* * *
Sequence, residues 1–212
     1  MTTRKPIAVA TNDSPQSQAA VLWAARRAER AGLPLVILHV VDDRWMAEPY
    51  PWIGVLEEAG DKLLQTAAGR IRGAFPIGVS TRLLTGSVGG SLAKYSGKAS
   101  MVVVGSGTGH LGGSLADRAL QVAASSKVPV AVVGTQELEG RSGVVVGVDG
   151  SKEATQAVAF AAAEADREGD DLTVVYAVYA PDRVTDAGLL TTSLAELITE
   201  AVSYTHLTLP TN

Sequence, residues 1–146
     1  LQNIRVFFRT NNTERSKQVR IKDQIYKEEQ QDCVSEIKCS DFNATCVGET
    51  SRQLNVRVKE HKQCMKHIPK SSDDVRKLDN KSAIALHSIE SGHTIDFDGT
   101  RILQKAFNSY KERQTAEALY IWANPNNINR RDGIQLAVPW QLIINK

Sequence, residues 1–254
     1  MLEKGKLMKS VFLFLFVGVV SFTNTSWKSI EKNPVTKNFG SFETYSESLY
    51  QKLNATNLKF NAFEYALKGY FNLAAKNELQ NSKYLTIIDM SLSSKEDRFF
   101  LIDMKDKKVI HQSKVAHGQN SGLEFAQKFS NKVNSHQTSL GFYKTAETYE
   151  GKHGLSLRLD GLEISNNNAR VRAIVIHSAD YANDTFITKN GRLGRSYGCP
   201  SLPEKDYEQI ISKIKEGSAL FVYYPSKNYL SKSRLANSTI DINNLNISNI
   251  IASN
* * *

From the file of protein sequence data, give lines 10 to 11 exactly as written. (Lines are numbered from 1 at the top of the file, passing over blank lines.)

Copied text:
   101  RILQKAFNSY KERQTAEALY IWANPNNINR RDGIQLAVPW QLIINK

Sequence, residues 1–254